Attorneys General from Massachusetts and US Virgin Islands confirm investigations into what 'ExxonKnew'
n a move many are hailing as a “turning point” in the climate fight, 20 state Attorneys General on Tuesday launched an unprecedented, multi-state effort to investigate and prosecute the “high-funded and morally vacant forces” that have stymied attempts to combat global warming—starting with holding ExxonMobil and other industry giants accountable for fraud and suppression of key climate science.
“This is about facts, and science, and transparency,” said Massachusetts Attorney General Maura Healey, who spoke at a press conference alongside New York Attorney General Eric Schneiderman, former Vice President Al Gore and seven other Attorneys General.
“Fossil fuel companies that deceived investors and consumers about the dangers of climate change should be, must be held accountable,” Healey continued, saying there is a “troubling disconnect between what Exxon knew, what industry folks knew, and the company and industry chose to share with investors and the American public.”
The coalition of Attorneys General from 16 states and the U.S. Virgin Islands was convened by Schneiderman, who in November announced a state investigation into Exxon after reporting revealed that the oil giant had for decades known and suppressed evidence about the dangers that fossil fuels posed to the environment, and then purposely disseminated false information in order to boost its profits.
“It is troubling that, as the polar caps melt, there are companies that are looking at that as an opportunity to go and drill, to go and get more oil. How selfish can you be?”
—U.S. Virgin Islands Attorney General Claude Earl Walker
California has also launched an investigation and on Tuesday Healey and U.S. Virgin Islands Attorney General Claude Earl Walker confirmed their states have as well. Schneiderman said that additional states were pursuing similar action and that the purpose of the coalition is to work together in this “common interest.”
“The scope of the problem we are facing, the size of the corporate entities and alliances and trade associations [working against science and public interest] is massive and it requires a multi-state effort,” Schneiderman said.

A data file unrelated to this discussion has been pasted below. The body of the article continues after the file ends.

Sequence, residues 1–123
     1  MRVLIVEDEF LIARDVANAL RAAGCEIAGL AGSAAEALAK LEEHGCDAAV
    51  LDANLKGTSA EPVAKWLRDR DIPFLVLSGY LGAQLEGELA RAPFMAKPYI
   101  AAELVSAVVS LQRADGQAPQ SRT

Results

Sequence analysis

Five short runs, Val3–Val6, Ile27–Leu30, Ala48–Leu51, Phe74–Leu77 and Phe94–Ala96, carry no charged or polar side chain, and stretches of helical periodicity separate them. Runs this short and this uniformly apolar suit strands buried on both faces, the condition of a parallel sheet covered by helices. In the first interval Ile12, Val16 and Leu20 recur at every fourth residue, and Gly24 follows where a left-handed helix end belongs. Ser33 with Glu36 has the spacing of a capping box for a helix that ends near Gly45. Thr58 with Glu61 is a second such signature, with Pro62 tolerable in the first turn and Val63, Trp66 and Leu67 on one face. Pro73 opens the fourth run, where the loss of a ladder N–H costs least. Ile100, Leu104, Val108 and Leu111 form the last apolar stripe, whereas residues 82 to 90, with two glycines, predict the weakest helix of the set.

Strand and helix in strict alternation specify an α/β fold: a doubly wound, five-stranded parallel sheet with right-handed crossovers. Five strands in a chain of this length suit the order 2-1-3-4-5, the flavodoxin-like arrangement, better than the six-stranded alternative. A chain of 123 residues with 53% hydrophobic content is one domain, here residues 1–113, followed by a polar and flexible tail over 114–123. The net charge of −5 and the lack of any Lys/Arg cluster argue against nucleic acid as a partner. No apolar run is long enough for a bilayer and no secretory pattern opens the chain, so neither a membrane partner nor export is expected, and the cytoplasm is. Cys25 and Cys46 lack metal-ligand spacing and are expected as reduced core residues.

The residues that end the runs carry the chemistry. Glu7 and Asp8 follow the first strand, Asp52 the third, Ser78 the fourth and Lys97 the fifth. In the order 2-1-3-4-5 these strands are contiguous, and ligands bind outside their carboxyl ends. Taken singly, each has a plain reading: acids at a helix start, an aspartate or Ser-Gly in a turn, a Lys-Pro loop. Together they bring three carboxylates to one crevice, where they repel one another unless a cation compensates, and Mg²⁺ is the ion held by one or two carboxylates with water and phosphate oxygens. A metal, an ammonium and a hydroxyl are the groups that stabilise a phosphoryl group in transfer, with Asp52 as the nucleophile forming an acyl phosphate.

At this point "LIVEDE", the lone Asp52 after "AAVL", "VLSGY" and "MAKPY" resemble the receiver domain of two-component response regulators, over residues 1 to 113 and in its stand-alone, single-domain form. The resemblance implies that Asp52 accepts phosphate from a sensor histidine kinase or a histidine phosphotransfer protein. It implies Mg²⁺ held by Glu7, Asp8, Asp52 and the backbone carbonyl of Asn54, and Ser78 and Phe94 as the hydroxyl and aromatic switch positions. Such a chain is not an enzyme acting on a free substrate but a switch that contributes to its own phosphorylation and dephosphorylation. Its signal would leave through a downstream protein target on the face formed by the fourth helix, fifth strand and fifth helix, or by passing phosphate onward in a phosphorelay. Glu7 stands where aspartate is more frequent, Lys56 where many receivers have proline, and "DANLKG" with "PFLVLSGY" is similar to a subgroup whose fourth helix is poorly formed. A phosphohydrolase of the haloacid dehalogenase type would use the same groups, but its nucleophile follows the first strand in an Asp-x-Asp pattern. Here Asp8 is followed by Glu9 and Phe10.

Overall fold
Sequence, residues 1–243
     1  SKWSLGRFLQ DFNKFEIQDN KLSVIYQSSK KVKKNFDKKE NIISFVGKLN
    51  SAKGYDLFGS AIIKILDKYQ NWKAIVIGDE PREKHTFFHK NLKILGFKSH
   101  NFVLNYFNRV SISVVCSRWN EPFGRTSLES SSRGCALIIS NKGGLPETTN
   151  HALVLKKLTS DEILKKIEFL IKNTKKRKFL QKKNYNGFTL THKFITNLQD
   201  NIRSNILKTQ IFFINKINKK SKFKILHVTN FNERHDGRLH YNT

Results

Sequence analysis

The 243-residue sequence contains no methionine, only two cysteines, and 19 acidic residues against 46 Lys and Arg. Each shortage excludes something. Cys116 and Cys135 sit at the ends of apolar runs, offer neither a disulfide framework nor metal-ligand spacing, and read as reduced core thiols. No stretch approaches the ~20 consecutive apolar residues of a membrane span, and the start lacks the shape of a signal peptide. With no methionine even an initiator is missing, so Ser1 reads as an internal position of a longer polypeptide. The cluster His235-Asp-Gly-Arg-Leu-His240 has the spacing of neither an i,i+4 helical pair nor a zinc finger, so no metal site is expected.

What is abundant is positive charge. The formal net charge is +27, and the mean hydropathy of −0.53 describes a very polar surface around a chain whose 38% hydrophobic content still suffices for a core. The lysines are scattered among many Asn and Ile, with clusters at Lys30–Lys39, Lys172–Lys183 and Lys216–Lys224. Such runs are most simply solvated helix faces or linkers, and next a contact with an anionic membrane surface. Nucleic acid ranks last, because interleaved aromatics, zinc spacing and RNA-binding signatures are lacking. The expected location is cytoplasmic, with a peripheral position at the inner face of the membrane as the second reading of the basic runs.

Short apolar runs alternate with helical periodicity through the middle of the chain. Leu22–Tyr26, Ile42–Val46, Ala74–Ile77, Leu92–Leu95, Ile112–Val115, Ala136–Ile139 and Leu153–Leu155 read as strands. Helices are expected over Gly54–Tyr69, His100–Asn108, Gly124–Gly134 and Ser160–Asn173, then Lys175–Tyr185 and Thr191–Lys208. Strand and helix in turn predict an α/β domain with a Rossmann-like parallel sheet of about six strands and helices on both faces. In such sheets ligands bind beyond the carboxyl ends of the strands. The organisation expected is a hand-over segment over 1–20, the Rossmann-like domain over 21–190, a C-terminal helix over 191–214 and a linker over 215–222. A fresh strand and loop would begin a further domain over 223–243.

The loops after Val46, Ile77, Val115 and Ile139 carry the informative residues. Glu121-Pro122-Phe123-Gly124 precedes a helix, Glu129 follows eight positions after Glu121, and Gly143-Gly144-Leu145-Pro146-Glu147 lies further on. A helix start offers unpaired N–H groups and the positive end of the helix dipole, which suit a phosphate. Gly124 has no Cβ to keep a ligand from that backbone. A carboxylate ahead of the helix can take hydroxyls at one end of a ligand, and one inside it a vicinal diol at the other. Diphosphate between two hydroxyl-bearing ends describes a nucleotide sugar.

AG Walker said that Puerto Rico and the Virgin Islands are already “experiencing the effects of global warming,” from coral bleaching and the proliferation of seaweed, to ever-more powerful hurricanes.
“It is troubling that, as the polar caps melt, there are companies that are looking at that as an opportunity to go and drill, to go and get more oil. How selfish can you be?” Walker asked. “Your product is destroying this Earth, and you want to do what? Destroy the planet further,” he added, saying they have “documents” showing just that.
“We will not stop until we get to bottom of this and make it clear we have to do something transformational,” he added. “We cannot continue to rely on fossil fuels.”
Environmental groups that have spearheaded the call for accountability and investigations into what Exxon knew heralded the announcements and the new AG climate coalition.
“This creates a huge sense of momentum. Exxon may have been able to brush aside a few isolated inquiries, but with more states jumping on board, these investigations are sure to generate some serious waves,” said May Boeve, executive director of 350.org, which on Tuesday launched the website ExxonKnew.org to share information about the investigations and petition the U.S. Department of Justice and state Attorneys General to “hold Exxon accountable.”
“The Exxon revelations may turn out to be the largest corporate scandal in history,” Boeve continued. “Everyone is impacted by climate change, which means everyone has a stake in these investigations. A trial of ExxonMobil and the fossil fuel industry would be even bigger than the cases against Big Tobacco.”
As Katherine Sawyer, senior international organizer for watchdog group Corporate Accountability International, explained in an emailed statement following the press conference:
In the ’90s, investigations by attorneys general were the beginning of the end for Big Tobacco as we knew it and ushered in a series of lawsuits that shuttered its front groups, forced the release of internal documents, and held it liable to pay the high cost of its impacts on society. Just as a similar coalition did with Big Tobacco, this powerful coalition of state Attorneys General are leading the way in holding Exxon and the rest of the fossil fuel industry accountable for their decades of deception and protecting climate policy from their profit-driven interference.
“Big Polluters have done everything in their power to deny climate change, it is time for our justice system to take back the climate debate,” declared Annie Leonard, Greenpeace USA executive director, who said the AGs’ announcement was “a clear demonstration of climate leadership.”
The coalition includes Attorneys General from California, Connecticut, District Of Columbia, Illinois, Iowa, Maine, Maryland, Massachusetts, Minnesota, New Mexico, New York, Oregon, Rhode Island, Virginia, Vermont, Washington state, and the U.S. Virgin Islands.
Appearing alongside members of that group, former Vice President Al Gore, whose 2006 documentary film An Inconvenient Truth is credited with spurring public debate about climate change, said, “I really believe that years from now this convening …may well be looked back upon as a major turning point in the effort to hold to account those commercial interests…who have been deceiving the American people about the dangers of climate change.”